The atmosphere was electric to say the least, green lights resembling a landing strip flashing down each side of the stage as The Darkness took full flight to an erupting Festival Hall. This show was their biggest in Australia to date and Melbourne music fans turned out in droves to witness this most prestigious celebration. Justin donning a red and black jumpsuit in his trademark fashion as they jumped into Black Shuck to get the party started. Working through the album in no particular order the fans were 100 per cent committed to making the show one for the memory banks with phones put away and everyone living in the moment. It felt like stepping back in time just people going nuts, hands in the air, clapping on command, dancing, singing and have a bloody awesome night.  Get Your Hands Of My Woman, Growing On Me, Givin’ Up were all slotted in as they worked through this cracker of an album. The punters singing the ‘oh, oh’s’ and ‘Givin Up, Givin Up Givin a Fuck’ with unabashed enthusiasm. Justin had now stripped the top half of his jumpsuit down saying “I didn’t think it would be this hot up here!”  But we all knew it wasn’t called ‘Festy Hall’ for nothing. Crowd engagement was second to none as Love Is Only A feeling and Stuck In A Rut played out, Rufus Tiger Taylor was smashing the skins to within an inch of their life and kept the set running like clockwork.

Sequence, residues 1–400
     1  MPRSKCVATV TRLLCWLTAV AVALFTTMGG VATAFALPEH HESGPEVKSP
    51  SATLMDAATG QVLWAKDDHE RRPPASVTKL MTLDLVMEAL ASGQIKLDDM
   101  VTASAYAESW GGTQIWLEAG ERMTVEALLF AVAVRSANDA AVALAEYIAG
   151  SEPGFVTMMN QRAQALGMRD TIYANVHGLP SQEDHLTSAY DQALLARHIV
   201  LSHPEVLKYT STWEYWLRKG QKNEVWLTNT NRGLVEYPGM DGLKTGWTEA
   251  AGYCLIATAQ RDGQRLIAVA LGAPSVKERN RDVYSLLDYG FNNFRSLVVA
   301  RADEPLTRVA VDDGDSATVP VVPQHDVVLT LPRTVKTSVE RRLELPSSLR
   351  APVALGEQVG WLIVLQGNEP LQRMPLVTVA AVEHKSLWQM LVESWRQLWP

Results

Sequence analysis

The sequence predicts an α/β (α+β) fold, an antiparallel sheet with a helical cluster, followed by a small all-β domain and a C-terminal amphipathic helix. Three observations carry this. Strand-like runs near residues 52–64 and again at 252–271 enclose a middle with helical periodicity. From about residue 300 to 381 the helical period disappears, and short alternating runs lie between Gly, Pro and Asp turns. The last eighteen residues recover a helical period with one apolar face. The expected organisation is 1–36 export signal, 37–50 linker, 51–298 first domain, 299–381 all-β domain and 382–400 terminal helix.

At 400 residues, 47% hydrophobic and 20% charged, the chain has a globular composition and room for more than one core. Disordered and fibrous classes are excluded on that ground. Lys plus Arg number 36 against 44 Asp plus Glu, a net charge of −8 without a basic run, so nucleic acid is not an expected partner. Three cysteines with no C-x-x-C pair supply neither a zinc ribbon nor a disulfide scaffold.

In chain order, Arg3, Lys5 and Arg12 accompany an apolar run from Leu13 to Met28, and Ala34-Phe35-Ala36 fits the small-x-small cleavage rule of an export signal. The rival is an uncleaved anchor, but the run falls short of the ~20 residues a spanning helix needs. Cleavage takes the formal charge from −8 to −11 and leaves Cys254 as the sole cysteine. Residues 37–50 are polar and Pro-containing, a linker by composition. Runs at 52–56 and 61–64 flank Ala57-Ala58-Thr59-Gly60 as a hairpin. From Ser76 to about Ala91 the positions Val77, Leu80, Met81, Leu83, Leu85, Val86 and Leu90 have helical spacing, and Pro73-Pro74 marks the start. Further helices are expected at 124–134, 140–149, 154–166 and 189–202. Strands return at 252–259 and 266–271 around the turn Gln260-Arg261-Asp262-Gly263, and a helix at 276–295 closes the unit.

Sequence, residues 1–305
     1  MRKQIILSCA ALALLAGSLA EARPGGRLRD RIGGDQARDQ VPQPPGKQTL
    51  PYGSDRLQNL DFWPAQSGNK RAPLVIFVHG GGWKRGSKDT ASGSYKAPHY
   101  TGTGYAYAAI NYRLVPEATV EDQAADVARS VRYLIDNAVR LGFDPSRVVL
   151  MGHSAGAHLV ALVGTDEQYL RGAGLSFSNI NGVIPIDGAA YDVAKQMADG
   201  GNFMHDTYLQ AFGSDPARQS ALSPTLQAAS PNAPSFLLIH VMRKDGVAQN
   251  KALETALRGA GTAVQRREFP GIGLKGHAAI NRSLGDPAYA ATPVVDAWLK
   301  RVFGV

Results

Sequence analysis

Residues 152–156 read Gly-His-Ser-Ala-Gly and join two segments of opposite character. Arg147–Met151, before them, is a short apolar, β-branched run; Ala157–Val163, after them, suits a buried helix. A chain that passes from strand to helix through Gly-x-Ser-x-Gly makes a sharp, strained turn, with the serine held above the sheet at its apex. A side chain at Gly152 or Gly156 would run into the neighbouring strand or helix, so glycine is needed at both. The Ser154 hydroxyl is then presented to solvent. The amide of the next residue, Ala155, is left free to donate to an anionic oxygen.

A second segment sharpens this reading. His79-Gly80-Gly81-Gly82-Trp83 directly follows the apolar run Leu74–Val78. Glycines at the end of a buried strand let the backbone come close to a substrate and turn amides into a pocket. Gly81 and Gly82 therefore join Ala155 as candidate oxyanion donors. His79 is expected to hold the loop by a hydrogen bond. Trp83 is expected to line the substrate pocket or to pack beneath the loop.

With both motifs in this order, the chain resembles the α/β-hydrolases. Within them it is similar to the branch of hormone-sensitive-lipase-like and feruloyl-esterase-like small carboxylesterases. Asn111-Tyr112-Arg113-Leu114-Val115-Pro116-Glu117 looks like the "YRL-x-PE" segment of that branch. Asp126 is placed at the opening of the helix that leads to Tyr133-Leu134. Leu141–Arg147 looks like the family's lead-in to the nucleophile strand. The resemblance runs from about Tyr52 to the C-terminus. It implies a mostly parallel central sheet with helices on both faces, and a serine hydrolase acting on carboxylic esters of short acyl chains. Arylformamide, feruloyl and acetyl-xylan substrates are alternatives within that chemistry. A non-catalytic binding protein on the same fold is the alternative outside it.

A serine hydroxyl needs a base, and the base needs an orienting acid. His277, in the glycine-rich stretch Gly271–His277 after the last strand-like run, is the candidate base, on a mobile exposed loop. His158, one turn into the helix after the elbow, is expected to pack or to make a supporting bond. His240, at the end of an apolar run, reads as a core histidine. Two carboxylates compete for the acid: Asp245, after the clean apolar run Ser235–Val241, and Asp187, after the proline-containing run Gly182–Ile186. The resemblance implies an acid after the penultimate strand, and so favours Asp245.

Dan Hawkins is really a jack of all trades when it comes to musical instruments, his guitar work is of the highest calibre as he strutted his stuff and worked the stage like a true professional.  Frankie Poullain kept pace with the bass, this four-string slayer did not miss a beat, so at home on the big stage as Friday Night saw the fans ready to sing. A sneaky little snippet of Led Zeps Immigrant Song was a worthy addition as super shredder Justin even noodled the intro of AC/Dc’s Thunderstruck before he launched into I Believe In A Thing Called Love. With Melbourne finally throwing up a summer day, good old Festy Hall started to really feel the heat, living up to its nickname in spades as the sweat drenched punters screamed for the one they had been waiting for. Arms aloft clapping in time it really was a sight to behold, Justin still hitting the high notes with faultless precision of a man many years his junior. With the roof well and truly raised the boys left the stage to cool their jets for five minutes but the Melbourne maniacs were having none of it as they stomped and clapped, and if you have been to Festival Hall before you would know those timber floor do love a good feet hammering. It was no surprise when The Darkness returned that Justin said he could hear the stomping from downstairs. With their outfits changed to bedroom attire, all four sporting silk robes or PJ’s of choice, even guitar tech extraordinaire Ian Norfolk sporting a robe. With Justin having more guitar changes than I have had hot dinners he was certainly kept on his toes, and he did not miss a beat. I can see why they call him the fifth member of the band.  Speaking of the band, Justin went on to do introductions to the tune of In The Air Tonight made famous by Phil Collins, with his brother Dan on the drums, mixing things up a bit. Once again I reiterate, super talented musicians!!